Sunday, November 30, 2008

Fresh Cranberry Relish from Grandma S.

We hope you had a great Thanksgiving! We had such a wonderful dinner with lots of things to post about...edible bacon bowls for spinach salad, a meyer lemon drop with a lemon foam, heritage and heirloom turkeys, the best mashed potatoes I have ever made, and more...We will be posting all week about these delicious dishes.

Today I wanted to share an easy recipe for the most delicious fresh cranberry relish from Justin's grandma. We have never been cranberry jelly people and once I had this relish, I knew it would be a tradition on the table. This can be made the night before or a few hours before...

1. Start by washing and coring an unpeeled red delicious apple and washing and cutting one half of an orange with the peel on. Then, put them in the food processor until chopped. You want them to be somewhat coarse but not too chunky.

2. Add 2 cups of fresh cranberries and pulse until incorporated. Again, don't overprocess.

3. Now transfer to a bowl and stir in 1 cup of sugar and 1/2 cup of chopped walnuts. Let it sit in the fridge overnight or for a few hours for the flavors to blend.

Grandma says you can freeze this as well. It is wonderfully fresh and delicious!!

Tuesday, November 25, 2008

Setting the table...

It's Tuesday night before Thanksgiving and I have already set the table! One of my favorite parts of hosting Thanksgiving dinner is setting the table and by doing it the night or two before, I can take my time. For the centerpiece this year, I decided to use some mini-pumpkins that I had left over from Halloween with some traditional candlesticks.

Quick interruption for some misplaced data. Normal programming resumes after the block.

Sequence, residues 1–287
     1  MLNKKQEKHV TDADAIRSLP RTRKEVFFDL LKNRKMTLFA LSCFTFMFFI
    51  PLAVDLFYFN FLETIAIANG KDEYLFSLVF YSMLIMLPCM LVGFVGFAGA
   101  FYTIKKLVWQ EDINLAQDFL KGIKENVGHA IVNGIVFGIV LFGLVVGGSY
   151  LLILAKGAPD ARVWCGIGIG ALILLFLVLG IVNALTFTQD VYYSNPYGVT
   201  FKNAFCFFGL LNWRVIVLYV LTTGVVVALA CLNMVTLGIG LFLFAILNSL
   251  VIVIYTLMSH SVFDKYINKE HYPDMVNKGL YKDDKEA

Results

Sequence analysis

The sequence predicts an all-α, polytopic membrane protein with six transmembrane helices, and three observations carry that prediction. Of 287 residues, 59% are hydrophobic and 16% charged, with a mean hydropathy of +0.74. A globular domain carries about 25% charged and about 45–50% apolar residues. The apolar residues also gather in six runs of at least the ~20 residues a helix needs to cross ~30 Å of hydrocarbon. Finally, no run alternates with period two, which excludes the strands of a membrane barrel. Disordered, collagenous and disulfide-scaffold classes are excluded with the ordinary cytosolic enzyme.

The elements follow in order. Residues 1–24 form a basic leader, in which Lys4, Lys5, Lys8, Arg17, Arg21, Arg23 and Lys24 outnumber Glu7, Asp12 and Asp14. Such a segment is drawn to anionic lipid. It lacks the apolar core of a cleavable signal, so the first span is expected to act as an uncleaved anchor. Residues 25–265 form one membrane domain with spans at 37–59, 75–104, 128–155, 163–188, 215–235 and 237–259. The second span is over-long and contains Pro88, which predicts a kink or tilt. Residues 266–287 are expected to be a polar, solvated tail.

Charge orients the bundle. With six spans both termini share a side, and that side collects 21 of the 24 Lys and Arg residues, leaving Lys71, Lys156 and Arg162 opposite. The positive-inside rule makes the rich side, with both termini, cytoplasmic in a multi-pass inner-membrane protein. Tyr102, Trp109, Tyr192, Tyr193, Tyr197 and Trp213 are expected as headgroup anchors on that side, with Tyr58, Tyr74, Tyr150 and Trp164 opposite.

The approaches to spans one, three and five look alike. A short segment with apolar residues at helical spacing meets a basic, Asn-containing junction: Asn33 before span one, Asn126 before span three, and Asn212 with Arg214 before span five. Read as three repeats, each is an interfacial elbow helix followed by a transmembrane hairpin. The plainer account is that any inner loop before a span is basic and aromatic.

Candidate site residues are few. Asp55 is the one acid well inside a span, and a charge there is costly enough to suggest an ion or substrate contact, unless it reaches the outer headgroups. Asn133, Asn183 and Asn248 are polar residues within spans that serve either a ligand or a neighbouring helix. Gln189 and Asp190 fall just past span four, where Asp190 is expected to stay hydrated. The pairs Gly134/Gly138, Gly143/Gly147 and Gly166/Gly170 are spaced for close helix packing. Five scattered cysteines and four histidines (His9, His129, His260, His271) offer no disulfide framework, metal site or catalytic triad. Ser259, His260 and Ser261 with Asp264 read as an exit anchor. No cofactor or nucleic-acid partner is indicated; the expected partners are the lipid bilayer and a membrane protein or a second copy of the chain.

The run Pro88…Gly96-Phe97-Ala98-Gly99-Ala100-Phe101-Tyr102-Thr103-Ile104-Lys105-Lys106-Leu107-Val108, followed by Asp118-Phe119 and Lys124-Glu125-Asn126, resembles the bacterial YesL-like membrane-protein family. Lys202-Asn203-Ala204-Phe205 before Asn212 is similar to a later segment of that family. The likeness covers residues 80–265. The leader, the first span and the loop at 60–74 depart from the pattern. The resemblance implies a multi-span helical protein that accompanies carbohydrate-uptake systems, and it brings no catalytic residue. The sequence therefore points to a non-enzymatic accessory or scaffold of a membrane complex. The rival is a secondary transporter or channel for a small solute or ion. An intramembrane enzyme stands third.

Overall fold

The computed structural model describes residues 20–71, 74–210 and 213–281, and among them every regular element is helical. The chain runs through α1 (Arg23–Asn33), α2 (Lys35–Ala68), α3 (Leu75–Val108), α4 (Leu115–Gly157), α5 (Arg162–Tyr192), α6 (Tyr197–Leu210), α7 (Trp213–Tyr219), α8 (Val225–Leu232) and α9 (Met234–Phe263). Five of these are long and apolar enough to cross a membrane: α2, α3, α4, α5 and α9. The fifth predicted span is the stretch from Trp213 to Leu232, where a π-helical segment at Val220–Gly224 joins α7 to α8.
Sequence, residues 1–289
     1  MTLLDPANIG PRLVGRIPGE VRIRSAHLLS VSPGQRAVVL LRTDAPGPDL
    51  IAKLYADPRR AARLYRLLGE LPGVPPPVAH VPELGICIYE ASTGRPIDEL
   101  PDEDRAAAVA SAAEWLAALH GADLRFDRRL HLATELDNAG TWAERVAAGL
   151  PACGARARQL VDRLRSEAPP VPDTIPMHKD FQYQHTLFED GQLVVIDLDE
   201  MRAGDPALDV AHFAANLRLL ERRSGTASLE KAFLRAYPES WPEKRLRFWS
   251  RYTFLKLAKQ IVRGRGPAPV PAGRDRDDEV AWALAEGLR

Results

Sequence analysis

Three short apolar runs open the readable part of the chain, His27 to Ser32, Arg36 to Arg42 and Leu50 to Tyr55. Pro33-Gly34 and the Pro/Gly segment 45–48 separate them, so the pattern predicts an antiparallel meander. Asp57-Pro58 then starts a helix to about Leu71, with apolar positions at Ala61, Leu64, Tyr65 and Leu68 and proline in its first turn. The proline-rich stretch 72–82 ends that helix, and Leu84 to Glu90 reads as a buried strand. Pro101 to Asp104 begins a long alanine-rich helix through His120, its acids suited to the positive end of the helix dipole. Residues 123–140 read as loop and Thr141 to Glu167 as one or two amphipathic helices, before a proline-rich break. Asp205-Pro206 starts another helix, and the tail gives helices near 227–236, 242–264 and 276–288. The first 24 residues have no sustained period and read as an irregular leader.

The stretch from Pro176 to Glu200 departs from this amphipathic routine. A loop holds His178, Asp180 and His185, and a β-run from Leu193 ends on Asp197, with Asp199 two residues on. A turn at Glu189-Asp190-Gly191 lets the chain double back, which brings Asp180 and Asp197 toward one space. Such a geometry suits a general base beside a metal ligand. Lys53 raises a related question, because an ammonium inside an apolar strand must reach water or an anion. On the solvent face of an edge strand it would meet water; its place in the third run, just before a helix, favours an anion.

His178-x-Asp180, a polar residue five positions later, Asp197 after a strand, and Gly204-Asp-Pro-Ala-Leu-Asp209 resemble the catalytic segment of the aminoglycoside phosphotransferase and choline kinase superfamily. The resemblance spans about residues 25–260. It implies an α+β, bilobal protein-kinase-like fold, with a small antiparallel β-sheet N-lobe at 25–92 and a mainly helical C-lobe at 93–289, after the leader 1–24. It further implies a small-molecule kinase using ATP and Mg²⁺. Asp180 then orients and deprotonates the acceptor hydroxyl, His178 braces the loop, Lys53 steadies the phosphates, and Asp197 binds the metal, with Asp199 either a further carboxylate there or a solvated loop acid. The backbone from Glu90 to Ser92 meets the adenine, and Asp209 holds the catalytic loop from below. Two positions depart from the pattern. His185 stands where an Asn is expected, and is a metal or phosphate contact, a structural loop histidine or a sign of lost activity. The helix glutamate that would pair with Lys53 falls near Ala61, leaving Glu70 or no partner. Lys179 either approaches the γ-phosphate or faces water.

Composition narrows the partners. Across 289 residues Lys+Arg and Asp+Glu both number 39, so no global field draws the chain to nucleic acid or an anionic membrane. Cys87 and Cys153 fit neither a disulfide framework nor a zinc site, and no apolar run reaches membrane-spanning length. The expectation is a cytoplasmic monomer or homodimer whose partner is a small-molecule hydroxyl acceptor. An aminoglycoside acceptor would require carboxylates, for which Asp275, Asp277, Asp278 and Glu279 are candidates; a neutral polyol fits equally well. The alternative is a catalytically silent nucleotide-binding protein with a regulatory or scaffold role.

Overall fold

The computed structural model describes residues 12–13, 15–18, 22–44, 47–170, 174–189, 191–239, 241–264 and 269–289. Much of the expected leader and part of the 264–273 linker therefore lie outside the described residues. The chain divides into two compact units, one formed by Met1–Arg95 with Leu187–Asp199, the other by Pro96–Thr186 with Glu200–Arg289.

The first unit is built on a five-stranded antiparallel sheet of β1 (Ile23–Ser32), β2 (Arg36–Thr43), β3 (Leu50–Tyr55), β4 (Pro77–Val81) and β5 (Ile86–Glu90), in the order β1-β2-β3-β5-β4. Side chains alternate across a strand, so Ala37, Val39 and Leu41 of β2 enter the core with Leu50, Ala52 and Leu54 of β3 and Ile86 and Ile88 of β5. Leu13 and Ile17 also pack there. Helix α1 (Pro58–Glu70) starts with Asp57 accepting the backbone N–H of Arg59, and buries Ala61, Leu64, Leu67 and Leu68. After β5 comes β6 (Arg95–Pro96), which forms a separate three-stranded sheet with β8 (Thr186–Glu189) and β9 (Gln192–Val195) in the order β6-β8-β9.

I traced a foil tealight holder onto the pumpkin and carved out the pumpkin to hold the candle. It was really easy! I am not even bothering to really scoop out the center and I am keeping these in the refrigerator until Thursday- I don't trust the neighborhood squirrels to leave them alone.

As you can see, these are darling!! I might even make these for Halloween to put on our steps next year. I also debated spray painting these pumpkins a metallic copper.

I decided to keep the table ones in their natural state and go for a "less is more" theme. We have the maximum people at the table this year: twelve.

...and the one I spray painted will go in our guest bathroom during the dinner. I really like the way it turned out!

Thanks to my Great Aunt Enie, I have this napkin folding book by Irena Chalmers and this year the napkins are folded in "the rose" which are then placed in the wine glasses.

Our china is Wedgewood India which I absolutely love! We don't have silver but instead use our everyday stainless which is Reed & Barton Country French. We chose this as our everyday flatware but decided because of the salad fork, that it is formal enough for holidays. I have a few pieces of really neat 1910 antique WM Rogers La Concorde tableware from my great grandmother but only a few pieces. It's a common set and someday I'll put in the effort to complete the set on ebay.

I also am a big fan of table cards as it makes it easy for everyone to take their seats. I made these paper turkey cards 2 years ago and decided to use them again. They are a bit cheesy but they add a bit of whimsy to the table.

Hope you have a wonderful Thanksgiving. We will be posting about the turkeys, the pies, the edible bacon salad bowls that we will be having and more...

Tuesday, November 18, 2008

Let's Talk Turkey.